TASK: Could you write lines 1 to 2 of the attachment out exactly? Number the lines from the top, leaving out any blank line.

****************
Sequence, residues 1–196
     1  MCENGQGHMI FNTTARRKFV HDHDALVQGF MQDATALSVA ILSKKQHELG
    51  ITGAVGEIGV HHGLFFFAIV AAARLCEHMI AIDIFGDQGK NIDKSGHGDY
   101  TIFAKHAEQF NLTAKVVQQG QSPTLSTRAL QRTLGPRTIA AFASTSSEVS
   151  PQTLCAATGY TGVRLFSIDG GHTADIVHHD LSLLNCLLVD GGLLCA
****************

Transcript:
Sequence, residues 1–196
     1  MCENGQGHMI FNTTARRKFV HDHDALVQGF MQDATALSVA ILSKKQHELG